- The Washington Times - Tuesday, October 28, 2008

Tight races are becoming the norm for Republican House incumbents as they scramble to combat a building Democratic momentum, the fallout from a faltering economy and campaign missteps.

Rep. Michelle Bachmann certainly can attest to the latter.

The Minnesota Republican suddenly is in a tight re-election battle after recent remarks on MSNBC’S “Hardball,” where she said she was “very concerned” that Democratic presidential nominee Sen. Barack Obama “may have anti-American views.”

The comments caused a serious backlash and helped propel her Democratic challenger, Elwyn Tinklenberg, into a race many political experts say has become too close to call.

“The race has definitely changed in the past week,” said Minnesota Democratic Party spokesman Eric S. Fought on Wednesday. “The whole world was able to see the Michele Bachmann we in Minnesota know - someone who is truly erratic, lacking the temperament and judgment necessary to serve in Congress.”

The Democratic Congressional Campaign Committee (DCCC), the fundraising arm for House Democrats, has poured more than $1 million into the race following Mrs. Bachmann’s comments.

Adding to Mrs. Bachmann’s troubles, the DCCC’s Republican counterpart, the National Republican Congressional Committee, last week pulled its television advertising campaign for Mrs. Bachmann.

A recent DCCC internal poll shows Mrs. Bachmann leading Mr. Tinklenberg 42 percent to 38 percent, with 15 percent undecided - unimpressive numbers for a Republican incumbent in a Republican-leaning district.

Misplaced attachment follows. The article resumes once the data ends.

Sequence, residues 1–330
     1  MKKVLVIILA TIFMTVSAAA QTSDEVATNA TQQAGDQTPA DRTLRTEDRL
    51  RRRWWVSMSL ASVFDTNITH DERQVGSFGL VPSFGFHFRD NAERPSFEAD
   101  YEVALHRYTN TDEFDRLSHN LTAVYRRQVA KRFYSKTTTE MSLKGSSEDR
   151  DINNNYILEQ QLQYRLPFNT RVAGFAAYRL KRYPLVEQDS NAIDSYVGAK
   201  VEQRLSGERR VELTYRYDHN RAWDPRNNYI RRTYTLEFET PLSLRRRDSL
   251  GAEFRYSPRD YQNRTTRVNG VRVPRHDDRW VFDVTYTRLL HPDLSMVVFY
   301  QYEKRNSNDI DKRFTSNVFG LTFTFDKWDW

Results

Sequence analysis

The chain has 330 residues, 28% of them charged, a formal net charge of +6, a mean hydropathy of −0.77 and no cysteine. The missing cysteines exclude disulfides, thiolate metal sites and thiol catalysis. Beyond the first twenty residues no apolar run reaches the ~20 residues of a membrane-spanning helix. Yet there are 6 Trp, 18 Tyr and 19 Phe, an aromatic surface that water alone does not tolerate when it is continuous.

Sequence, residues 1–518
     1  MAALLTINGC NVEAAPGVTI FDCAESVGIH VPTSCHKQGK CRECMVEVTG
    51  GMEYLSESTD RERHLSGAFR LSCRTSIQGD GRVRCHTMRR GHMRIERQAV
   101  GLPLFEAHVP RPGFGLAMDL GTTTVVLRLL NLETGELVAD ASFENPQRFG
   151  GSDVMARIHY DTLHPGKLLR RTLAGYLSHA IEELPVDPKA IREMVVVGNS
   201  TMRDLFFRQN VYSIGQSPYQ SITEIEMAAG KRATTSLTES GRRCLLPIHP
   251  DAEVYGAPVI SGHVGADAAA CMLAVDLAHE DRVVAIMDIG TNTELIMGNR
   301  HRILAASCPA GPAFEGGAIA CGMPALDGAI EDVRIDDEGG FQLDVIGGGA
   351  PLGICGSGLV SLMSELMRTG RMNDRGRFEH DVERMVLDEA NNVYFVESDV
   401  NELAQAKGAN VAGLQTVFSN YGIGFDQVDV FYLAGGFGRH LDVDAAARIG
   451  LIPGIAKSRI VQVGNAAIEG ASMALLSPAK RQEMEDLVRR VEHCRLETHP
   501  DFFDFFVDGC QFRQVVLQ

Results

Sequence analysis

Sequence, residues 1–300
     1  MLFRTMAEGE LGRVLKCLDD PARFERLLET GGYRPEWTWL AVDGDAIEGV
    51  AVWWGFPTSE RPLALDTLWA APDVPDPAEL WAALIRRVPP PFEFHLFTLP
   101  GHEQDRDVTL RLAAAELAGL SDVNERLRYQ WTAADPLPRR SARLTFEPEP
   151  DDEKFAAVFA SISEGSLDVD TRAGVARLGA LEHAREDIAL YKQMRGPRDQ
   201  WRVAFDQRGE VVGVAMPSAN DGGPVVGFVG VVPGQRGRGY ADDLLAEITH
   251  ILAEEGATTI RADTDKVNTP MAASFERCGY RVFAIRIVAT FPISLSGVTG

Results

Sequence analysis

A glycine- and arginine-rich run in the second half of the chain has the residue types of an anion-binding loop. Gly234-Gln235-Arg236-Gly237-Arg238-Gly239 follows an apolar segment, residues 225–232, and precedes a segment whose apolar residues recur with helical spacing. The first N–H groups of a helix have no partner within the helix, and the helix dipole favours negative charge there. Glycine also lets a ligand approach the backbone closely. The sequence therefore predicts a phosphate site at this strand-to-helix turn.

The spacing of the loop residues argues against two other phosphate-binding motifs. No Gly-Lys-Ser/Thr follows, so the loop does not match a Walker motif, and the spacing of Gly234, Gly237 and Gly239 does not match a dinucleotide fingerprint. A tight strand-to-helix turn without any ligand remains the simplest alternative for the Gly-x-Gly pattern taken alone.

Mrs. Bachmann won the heavily Republican Twin Cities-area district in 2006 with just 50 percent of the vote, beating Mr. Tinklenberg, who earned 42 percent.

Minnesota is far from being the only state still in play in the weeks leading up to the Nov. 4 elections.

“For House Republicans, already dark days are getting darker,” said David Wasserman, who covers House races for the Cook Political Report.

Democrats wrestled control of the chamber from Republicans in 2006 for the first time in a dozen years and hold a 236-to-199-seat advantage. Though Republicans had hoped to stem the Democratic tide and win back some seats this year, political forecasters say voters are prime to expand the Democrats’ mandate by at least two dozen seats on Nov. 4.

The Cook Political Report says Democrats will increase their majority by 23 to 28 seats - up from a 20- to 25-seat gain the report predicted in early October.

Also, Rothenberg Politial Report last week said Democrats should pick up 27 to 33 seats in the chamber, an increase from its earlier prediction of a 25- to 30-seat gain.

“We just continue to see Republican numbers falling,” said Nathan Gonzales, Rothenberg political editor. “It’s both at the presidential level and trickles down to congressional races.”

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